Lehi knew that in order to have good, we must also have bad. Sometimes people wonder, why do commandments exist? I would respond that they exist for the very purpose that laws exist, for our protection. For if you “…shall say there is no law, ye shall also say there is no sin, ye shall also say there is no righteousness… if there be no righteousness there be no happiness… no righteousness nor happiness there be no punishment nor misery… if these things are not, there is no God… if there is no God, we are not, either the earth…” (2 Nephi 2:13)

So, why does God permit suffering? I would argue that we live in a world of good and evil, for our own understanding. If we have never felt joy, we cannot understand it. However, if we feel pain and then feel joy we can truly understand what joy is, while at the same time learning what pain is. “Wherefore, the Lord God gave unto man that he should act for himself…” (2 Nephi 2:16). God gave us agency, and part of that agency means that we can truly act for ourselves, which means people can do bad things to others. If God were to interfere, we would not have agency.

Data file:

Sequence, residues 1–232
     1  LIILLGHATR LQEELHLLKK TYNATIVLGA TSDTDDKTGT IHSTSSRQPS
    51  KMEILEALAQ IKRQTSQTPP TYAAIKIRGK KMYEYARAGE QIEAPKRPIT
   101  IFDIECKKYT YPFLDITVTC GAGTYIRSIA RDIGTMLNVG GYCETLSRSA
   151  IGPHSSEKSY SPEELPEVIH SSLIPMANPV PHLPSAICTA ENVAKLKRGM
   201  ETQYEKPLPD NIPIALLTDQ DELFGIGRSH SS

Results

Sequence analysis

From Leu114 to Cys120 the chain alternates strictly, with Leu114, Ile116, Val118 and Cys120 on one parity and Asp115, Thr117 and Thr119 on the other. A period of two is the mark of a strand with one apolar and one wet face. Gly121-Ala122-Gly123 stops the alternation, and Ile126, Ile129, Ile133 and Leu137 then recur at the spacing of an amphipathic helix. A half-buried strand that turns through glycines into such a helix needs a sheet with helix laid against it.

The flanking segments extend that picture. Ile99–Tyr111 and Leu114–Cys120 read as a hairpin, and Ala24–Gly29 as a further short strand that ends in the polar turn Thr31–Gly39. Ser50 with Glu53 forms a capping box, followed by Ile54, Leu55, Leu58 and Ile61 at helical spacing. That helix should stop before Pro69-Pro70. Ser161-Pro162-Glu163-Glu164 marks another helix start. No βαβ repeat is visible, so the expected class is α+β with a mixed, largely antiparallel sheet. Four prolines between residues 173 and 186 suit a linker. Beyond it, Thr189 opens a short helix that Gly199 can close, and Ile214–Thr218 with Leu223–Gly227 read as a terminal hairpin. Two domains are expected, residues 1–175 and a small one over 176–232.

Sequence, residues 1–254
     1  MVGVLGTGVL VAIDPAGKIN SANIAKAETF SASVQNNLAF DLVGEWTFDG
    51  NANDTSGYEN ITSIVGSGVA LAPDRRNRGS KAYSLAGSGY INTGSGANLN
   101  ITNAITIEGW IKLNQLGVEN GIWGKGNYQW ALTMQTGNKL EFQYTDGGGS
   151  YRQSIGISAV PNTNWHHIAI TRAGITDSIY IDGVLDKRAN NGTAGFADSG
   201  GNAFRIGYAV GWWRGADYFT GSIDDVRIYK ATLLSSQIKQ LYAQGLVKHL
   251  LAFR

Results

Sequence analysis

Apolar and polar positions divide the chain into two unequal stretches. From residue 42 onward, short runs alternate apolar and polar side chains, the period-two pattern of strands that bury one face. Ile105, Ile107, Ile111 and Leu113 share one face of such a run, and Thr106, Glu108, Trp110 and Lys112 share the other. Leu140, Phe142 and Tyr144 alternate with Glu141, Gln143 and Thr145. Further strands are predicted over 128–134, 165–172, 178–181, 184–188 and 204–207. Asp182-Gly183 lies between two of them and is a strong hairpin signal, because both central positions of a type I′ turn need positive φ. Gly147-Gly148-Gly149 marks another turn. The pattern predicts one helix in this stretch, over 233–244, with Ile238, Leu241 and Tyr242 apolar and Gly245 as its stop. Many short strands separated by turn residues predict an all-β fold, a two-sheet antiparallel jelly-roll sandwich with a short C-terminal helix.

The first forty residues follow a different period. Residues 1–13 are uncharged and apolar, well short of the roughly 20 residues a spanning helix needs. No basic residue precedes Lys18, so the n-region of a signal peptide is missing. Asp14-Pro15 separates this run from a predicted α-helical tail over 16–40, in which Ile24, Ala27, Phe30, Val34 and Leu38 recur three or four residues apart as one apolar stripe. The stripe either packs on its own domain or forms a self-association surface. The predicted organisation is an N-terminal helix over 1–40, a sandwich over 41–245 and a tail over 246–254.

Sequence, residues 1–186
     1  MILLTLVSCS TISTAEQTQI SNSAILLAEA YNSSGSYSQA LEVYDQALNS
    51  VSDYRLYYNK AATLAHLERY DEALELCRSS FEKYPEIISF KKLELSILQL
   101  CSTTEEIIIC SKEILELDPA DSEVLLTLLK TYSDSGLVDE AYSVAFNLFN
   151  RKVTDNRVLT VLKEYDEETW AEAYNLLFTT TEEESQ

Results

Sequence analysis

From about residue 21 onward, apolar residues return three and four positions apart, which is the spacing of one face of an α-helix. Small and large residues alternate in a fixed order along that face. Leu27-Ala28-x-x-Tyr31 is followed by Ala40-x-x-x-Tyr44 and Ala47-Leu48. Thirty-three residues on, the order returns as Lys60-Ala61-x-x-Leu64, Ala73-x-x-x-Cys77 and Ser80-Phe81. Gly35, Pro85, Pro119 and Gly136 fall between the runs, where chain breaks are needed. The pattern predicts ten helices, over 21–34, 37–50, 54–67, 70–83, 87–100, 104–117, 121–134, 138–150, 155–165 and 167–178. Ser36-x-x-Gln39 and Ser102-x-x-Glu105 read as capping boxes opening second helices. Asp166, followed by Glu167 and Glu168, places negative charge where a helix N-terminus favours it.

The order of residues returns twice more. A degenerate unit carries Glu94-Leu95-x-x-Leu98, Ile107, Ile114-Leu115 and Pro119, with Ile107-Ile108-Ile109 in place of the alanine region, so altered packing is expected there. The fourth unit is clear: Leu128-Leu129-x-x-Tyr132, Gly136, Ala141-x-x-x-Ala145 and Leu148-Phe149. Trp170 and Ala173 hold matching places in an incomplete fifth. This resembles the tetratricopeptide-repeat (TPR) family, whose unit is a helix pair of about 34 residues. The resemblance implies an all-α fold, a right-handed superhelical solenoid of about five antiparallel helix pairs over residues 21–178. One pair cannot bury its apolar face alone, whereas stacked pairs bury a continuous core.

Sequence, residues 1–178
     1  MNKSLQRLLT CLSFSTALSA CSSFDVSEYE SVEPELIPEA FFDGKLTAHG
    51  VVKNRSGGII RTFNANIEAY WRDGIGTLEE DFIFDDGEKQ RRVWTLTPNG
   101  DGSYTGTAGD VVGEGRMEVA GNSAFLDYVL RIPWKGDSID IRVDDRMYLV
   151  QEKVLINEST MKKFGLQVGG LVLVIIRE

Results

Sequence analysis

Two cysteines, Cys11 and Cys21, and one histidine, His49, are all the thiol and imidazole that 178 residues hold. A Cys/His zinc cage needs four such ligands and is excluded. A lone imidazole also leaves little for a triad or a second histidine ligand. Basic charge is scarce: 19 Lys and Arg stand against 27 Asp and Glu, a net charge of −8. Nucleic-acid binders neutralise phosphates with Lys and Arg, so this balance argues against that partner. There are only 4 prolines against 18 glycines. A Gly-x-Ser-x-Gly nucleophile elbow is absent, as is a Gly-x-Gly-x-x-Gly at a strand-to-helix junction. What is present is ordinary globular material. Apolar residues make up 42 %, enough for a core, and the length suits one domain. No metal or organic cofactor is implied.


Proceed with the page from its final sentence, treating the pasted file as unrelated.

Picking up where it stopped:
With this agency, we can choose to be free and to “…choose liberty and eternal life, through the great Mediator of  all men, or to choose captivity and death according to the captivity and power of the devil; for he seeketh that all men might be miserable like unto himself” (2 Nephi 2:27)

But we know that God wants only the best for us, “Adam fell that men might be’ and men are, that they might have joy” (2 Nephi 2:25)

We are meant to enjoy this life, learn from it and repent of our wrong doings, while still in the flesh.

Job continues to say that those who commit these atrocious acts of murder, robbery or who commit adultery and all other manner of wickedness will see the morning and to “…them even as the shadow of death…” (Job24:17). Those who are wicked may be prosperous in this life, but in the end, when the morning comes, the judgment will befall them.

At times, we may fall on our knees in despair, and even usher up a prayer… “Heavenly Father, I hope you know, I am having a hard time”. Have you ever felt this way? I know I have, maybe you feel that God has abandoned you, or that He is nowhere to be found. The truth of it all? God is there. He is always there. Sometimes we are left to suffer, that we might know the joy, and we can feel the everlasting glory of his light.